Tuesday, April 10, 2012

The Limoncello Experiment (parte uno)

Ever since I studied abroad in Italy 8 years ago, I have been in love with Limoncello. Unfortunately it is not that easy to find in the US and usually not as good. When Ryan and I were planning our wedding, we decided to toast with limoncello instead of Champagne, since neither of us really like the bubbly stuff. My mom was able to find some decent limoncello that we could use at the wedding, but it still wasn’t the same.

The Limoncello Experiment (parte uno) | www.kettlercuisine.com
Make sure there is no white pith on the peels when you eventually place in the jar with the liquor. There is still some remaining on the image above that I removed.
So I decided about a month ago to make my own. I did a bit of research on recipes and reviews. I decided to use vodka for my limoncello since I like the taste of it (several people use grain alcohol). I also decided to use Meyer lemons instead of regular lemons because they were in season. I tweaked a few recipes and came up with the below (updated after first taste test).

The Limoncello Experiment (parte uno) | www.kettlercuisine.com

And, five weeks later it was time to taste! I brought it to Easter dinner with the family to get some good feedback. Unfortunately, it wasn’t sweet enough and it needed a stronger lemon flavor (hey, every once and awhile you have flops)! So I made another batch of the sugar syrup and added it to the limoncello and will re-taste in a 8-10 days, and of course report back.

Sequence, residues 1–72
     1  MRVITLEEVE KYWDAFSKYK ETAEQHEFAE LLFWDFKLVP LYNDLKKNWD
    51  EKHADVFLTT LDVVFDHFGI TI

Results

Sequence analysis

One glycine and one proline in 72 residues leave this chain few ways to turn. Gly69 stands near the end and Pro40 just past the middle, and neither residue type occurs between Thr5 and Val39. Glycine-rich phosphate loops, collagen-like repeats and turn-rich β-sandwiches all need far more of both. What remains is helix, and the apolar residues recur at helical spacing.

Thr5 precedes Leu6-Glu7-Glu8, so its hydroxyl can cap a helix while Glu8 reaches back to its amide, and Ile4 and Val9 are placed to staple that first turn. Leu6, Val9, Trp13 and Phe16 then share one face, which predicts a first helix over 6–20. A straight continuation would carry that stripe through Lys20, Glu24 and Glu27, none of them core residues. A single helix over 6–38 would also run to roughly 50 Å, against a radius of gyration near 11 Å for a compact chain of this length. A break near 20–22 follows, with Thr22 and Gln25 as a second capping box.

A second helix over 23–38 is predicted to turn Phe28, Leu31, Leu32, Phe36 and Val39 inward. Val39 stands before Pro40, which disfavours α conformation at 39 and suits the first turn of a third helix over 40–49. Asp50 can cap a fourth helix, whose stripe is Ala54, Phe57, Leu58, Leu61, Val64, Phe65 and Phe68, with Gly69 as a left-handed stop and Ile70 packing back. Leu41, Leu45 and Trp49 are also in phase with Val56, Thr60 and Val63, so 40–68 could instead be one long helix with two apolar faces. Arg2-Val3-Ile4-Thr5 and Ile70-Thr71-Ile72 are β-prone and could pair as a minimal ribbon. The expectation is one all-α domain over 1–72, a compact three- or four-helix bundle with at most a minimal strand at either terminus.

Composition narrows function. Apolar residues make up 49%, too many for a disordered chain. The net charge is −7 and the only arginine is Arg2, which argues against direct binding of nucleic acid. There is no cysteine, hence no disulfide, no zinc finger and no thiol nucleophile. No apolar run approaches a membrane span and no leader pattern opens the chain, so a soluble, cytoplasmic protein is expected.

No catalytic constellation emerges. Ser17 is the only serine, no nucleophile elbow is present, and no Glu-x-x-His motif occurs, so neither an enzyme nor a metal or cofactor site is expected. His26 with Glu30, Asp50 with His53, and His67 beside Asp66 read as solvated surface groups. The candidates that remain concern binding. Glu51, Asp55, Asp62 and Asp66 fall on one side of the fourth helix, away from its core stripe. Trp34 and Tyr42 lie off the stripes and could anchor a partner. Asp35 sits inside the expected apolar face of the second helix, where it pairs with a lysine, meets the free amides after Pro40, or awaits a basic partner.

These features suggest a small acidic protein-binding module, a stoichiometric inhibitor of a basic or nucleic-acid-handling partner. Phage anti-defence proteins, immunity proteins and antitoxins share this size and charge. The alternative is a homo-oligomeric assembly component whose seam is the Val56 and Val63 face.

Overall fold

The Limoncello Experiment (parte uno) | www.kettlercuisine.com

Hopefully I can save it!


Prep time: 30 minutes + 1 month + 2 weeks

I large container 8 Meyer lemons
1 750 ml bottle Smirnoff vodka (80 proof or higher)
1 cup sugar
2 cups water

First, thoroughly wash and scrub any residue and waxes from your citrus.

Peel the lemons. You’ll want to peel long strips along the length of the lemon, pulling off little to no white pith. If you do peel any pith, scrape it off gently with a paring knife.

Add the lemon peel to a large glass vessel (use a large mason jar so the lemon rinds can be easily removed. Then a nice glass bottle for the final product). Pour in the vodka, seal tightly, and let sit for at least one week, preferably longer! (Ideally, give it one to two months.)

After you’ve let your limoncello cure for your preferred length of time, prepare the simple syrup.

To make the simple syrup, simmer the water and the sugar over a low heat just long enough to dissolve the sugar. Do not bring to a boil. Remove from heat, and cool to room temperature.

When cool, add the simple syrup to the limoncello, tasting as you go. Allow it to rest for another 10-14 days.

Finally, strain the lemon rinds and sediment using cheesecloth or a coffee filter. Place the container or bottle in the freezer and served chilled.

1 comment:

  1. Great idea! Looking forward to hearing about your perfected recipe :)